The Animal Story Book - online children's book

Edited By Andrew Lang And With Numerous Illustrations By H. J. Ford

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A RAT TALE
35
peer into it, only to confirm what I dreaded most — the corn-bin was empty! To-morrow they will pull down this rick, thresh the corn, and replenish the empty bin. So, my friends, unless we mean to die by dog, stick, or fork, we had better be off as soon as it is daylight.'
There was 'a shuffle of feet all round, and a general rush of anxious mothers into the rick to fetch out their young. Huggy was waiting at the entrance; so, as soon as he caught sight of his mother, he raced off with her to join the fast-assembling crowd at the back of the rick. The leader ranged them in lines of ten abreast, and, after walking up and down to see that all were in their places, he gave a shrill squeak, and the column started. They marched steadily for about two miles — slowly, of course, because of the young ones. Nothing proved an obstacle to them. Sometimes a high wall crossed their path, but they merely ran up one side and down the other, as if it was level road. Sometimes it was a broad river which confronted them, but that they swam without hesitation — rats will not stop at such trifles.
At length they came to a field where a man with a pair of horses was ploughing. His coat, in which his dinner was wrapt, lay on the wall some little distance from him. Seeing such a number of rats, he left his horses and ran for his life, and hid behind a knoll, whence he could view the proceedings without himself being seen. To his great disgust, he saw the creatures first crowd round his coat, then run over it, and finally eat out of his pocket the bread and cheese his wife had provided for his dinner!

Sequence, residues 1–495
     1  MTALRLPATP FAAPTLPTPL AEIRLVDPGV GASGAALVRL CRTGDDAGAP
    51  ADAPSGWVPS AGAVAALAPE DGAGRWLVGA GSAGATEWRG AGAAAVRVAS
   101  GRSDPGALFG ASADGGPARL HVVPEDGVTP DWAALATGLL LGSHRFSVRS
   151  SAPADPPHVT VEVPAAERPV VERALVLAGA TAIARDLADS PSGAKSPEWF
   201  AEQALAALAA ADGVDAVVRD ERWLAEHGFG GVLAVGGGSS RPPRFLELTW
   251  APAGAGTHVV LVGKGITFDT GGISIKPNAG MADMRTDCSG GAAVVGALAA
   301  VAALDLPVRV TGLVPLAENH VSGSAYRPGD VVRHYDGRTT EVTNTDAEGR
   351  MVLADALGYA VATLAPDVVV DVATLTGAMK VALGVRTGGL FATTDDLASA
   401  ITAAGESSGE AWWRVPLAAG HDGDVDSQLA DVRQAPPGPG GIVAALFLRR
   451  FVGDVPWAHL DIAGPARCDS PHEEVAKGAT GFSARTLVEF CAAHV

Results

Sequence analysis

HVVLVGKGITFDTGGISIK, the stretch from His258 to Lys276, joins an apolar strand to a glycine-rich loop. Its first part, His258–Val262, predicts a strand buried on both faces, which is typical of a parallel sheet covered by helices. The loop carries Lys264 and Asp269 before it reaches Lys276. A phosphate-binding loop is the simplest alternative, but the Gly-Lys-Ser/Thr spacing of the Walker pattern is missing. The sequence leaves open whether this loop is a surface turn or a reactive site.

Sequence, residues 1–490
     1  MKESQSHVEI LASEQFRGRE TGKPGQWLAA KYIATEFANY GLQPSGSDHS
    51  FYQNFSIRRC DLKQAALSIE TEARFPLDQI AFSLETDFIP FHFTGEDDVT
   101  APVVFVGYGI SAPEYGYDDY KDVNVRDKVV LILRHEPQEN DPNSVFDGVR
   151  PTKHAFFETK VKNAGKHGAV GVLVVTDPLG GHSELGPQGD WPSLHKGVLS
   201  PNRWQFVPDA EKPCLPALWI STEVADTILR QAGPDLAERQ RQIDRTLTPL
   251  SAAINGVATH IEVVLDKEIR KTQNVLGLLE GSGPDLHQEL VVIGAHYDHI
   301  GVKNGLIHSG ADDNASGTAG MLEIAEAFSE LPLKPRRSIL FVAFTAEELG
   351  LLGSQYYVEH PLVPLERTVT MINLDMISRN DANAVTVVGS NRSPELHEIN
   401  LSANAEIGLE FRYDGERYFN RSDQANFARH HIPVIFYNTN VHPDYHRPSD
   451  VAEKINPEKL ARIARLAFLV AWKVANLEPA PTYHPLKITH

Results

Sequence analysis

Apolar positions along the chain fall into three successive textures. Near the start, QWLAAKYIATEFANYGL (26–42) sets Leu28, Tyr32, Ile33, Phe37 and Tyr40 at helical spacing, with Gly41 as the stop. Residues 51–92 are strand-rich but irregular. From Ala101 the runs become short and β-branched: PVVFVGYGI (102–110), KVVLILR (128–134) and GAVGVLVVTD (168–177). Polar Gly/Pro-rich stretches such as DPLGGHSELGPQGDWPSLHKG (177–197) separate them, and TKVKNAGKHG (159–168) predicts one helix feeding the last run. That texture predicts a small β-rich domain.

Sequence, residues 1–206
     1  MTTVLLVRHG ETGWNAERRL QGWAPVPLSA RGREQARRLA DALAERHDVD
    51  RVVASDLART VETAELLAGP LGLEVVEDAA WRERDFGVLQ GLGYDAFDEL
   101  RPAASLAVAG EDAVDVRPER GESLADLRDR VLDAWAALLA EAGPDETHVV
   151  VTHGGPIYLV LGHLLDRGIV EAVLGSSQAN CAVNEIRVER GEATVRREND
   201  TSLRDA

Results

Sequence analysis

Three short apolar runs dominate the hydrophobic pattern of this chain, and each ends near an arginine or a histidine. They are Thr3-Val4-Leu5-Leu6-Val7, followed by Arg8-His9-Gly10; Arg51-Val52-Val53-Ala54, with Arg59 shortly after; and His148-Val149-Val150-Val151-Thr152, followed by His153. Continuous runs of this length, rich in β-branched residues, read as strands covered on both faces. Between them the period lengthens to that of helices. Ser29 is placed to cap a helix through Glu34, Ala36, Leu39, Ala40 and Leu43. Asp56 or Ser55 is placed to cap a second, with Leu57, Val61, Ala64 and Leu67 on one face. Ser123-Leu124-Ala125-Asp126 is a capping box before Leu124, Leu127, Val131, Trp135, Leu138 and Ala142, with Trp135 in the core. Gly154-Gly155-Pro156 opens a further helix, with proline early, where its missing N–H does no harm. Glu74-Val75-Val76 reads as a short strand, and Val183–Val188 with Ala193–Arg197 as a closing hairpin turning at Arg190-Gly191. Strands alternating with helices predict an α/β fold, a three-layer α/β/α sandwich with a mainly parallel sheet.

That was a stroke of luck for the rats. They had not counted on so early a breakfast; so it was with lightsome hearts they performed the rest of their journey.
Huggy was very glad when it was over. He had never been so far in his life — he was only three weeks old. Their new home proved to be a cellar, which communi­cated on one side with sundry pipes running straight to
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